- Job Creation Partnerships: Projects provide insured participants with opportunities to gain work experience to improve their long-term employment prospects. Projects under this initiative help develop the community and the local economy.
- Self-Employment: Provides financial assistance and business planning advice to EI-eligible participants to help them start their own business. This financial assistance is intended to cover personal living expenses and business-related expenses during the initial stages.
- Skills Development: Helps insured participants obtain skills for employment by providing direct financial assistance that enables them to select, arrange for and pay for their own training.
Note: For more information on the definitions, see Employment Insurance benefits on the Service Canada website.
Selected CANSIM tables from Statistics Canada
276-0003 - Employment Insurance program (EI), number of disqualifications and disentitlements by province and reason, unadjusted for seasonality, monthly
276-0004 - Employment Insurance program (EI), claims received and allowed by province and type of claim, seasonally adjusted and unadjusted, monthly
276-0011 - Employment Insurance program (EI), persons covered by employment insurance program, unadjusted for seasonality, monthly
276-0017 - Employment Insurance program (EI), benefit characteristics by province, type of income benefits and class of worker, unadjusted for seasonality, monthly
276-0018 - Employment Insurance program (EI), regular income benefit characteristics by province, seasonally adjusted, monthly
276-0020 - Employment Insurance program (EI), beneficiaries by province, type of income benefits, sex and age, unadjusted for seasonality, monthly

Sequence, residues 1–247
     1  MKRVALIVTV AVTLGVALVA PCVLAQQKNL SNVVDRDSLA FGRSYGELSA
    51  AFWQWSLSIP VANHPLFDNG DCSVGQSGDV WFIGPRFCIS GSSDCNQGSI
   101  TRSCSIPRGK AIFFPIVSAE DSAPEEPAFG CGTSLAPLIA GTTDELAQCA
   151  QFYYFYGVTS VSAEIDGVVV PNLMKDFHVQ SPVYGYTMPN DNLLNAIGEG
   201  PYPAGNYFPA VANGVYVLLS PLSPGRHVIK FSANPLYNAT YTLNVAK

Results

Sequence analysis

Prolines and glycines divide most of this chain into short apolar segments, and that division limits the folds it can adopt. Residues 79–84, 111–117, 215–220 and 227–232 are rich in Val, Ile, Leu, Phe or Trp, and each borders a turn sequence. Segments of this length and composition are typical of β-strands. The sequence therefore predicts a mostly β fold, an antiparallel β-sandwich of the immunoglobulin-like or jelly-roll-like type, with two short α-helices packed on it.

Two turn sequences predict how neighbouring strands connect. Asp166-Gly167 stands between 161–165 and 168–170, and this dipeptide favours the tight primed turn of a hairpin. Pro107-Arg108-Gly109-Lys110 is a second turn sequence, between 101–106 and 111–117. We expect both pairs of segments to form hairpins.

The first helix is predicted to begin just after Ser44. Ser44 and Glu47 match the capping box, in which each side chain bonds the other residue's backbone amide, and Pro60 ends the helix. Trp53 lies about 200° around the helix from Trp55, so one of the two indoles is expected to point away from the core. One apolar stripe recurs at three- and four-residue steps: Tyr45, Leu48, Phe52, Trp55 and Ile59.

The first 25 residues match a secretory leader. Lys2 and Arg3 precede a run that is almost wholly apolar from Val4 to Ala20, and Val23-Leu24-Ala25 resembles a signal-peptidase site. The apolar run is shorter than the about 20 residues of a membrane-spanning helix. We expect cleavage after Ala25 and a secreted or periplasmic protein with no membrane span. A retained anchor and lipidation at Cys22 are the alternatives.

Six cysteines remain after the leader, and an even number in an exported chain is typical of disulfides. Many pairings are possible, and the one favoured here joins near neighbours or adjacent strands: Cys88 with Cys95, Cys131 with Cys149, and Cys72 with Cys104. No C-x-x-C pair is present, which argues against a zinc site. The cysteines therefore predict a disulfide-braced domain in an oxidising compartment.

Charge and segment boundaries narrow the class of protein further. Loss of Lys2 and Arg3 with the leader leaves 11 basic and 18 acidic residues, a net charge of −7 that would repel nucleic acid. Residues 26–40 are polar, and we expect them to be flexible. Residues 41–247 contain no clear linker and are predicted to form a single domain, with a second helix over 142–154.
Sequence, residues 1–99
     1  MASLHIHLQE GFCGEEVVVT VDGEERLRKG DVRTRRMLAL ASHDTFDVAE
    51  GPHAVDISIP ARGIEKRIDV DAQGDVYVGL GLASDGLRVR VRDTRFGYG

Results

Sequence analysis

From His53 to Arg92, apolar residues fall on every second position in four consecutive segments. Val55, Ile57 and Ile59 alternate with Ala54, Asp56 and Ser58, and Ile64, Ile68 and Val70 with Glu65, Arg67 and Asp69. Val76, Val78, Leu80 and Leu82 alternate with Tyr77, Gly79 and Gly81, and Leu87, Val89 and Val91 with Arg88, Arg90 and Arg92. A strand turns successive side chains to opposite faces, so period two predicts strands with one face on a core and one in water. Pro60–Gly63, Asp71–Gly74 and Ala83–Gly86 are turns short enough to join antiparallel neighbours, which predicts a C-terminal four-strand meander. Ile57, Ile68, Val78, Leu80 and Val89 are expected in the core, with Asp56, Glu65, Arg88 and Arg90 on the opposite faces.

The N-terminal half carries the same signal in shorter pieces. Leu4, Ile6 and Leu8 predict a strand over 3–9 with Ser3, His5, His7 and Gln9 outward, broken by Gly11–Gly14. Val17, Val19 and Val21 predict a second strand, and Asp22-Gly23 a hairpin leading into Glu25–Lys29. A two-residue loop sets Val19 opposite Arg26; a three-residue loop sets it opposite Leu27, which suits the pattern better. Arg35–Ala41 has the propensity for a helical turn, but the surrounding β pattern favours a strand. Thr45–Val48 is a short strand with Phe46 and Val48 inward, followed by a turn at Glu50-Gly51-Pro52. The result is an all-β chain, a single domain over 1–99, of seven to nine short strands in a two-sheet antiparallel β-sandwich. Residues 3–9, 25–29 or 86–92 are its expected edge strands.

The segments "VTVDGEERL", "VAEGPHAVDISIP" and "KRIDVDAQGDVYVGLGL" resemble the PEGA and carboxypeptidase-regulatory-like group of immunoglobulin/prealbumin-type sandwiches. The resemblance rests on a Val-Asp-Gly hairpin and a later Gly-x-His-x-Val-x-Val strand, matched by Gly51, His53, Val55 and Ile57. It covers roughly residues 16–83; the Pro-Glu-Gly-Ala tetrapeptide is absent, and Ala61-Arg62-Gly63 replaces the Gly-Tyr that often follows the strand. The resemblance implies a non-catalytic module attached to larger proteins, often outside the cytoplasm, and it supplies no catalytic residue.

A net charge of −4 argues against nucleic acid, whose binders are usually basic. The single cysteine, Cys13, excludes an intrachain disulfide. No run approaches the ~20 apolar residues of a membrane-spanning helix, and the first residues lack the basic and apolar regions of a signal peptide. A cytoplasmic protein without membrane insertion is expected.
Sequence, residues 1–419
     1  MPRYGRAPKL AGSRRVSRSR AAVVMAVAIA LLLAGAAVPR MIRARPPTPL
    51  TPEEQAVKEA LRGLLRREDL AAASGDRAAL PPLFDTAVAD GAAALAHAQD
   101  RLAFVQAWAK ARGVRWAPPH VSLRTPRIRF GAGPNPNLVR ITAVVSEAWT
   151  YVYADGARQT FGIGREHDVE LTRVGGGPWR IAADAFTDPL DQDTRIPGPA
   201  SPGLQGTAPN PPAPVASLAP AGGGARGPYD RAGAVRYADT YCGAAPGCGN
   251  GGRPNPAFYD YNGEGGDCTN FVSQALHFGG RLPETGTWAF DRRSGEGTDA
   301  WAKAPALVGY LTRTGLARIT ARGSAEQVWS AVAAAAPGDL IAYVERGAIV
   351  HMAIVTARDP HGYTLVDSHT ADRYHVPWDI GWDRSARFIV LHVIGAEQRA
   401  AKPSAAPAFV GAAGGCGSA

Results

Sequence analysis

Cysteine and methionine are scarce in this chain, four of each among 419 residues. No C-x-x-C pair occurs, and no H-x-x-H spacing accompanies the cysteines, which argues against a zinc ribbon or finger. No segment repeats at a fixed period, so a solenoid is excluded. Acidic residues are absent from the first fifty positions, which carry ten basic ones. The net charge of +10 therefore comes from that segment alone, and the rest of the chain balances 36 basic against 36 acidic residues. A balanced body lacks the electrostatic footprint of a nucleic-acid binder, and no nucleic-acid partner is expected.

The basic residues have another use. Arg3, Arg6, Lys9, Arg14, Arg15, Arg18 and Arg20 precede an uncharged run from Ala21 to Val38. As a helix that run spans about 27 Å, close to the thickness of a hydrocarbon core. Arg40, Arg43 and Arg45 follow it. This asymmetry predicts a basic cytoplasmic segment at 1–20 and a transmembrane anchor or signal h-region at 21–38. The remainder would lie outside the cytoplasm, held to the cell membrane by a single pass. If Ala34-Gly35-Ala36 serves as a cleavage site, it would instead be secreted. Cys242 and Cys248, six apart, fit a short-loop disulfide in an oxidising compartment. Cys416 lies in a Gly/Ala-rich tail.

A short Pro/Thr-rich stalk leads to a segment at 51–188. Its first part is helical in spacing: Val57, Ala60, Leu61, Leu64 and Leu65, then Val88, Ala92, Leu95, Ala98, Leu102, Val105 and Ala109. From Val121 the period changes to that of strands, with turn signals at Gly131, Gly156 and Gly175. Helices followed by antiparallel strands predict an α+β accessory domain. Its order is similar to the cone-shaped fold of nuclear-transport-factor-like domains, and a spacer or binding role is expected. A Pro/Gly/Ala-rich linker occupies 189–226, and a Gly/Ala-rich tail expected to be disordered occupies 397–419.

276-0021 - Employment Insurance program (EI), beneficiaries by province, total and regular income benefits, declared earnings, sex and detailed age, unadjusted for seasonality, monthly
276-0022 - Employment Insurance program (EI), beneficiaries receiving regular income benefits by province, declared earnings, sex and age, seasonally adjusted, monthly
276-0033 - Employment Insurance program (EI), beneficiaries by province, census metropolitan category, total and regular income benefits, declared earnings, sex and age, unadjusted for seasonality, monthly
276-0034 - Employment Insurance program (EI), beneficiaries receiving regular income benefits by province and census metropolitan category, seasonally adjusted, monthly
276-0035 - Employment Insurance program (EI), beneficiaries by province, census division, total and regular income benefits, declared earnings, sex and age, unadjusted for seasonality, monthly
276-0042 - Employment Insurance program (EI), beneficiaries receiving regular income benefits by province and National Occupational Classification (NOC), unadjusted for seasonality, monthly
276-0043 - Employment Insurance program (EI), beneficiaries receiving regular income benefits by province and National Occupational Classification (NOC), seasonally adjusted, monthly
Selected surveys from Statistics Canada
2604 - Employment Insurance Statistics – Monthly (EIS)
Selected summary tables from Statistics Canada
Latest statistics (monthly)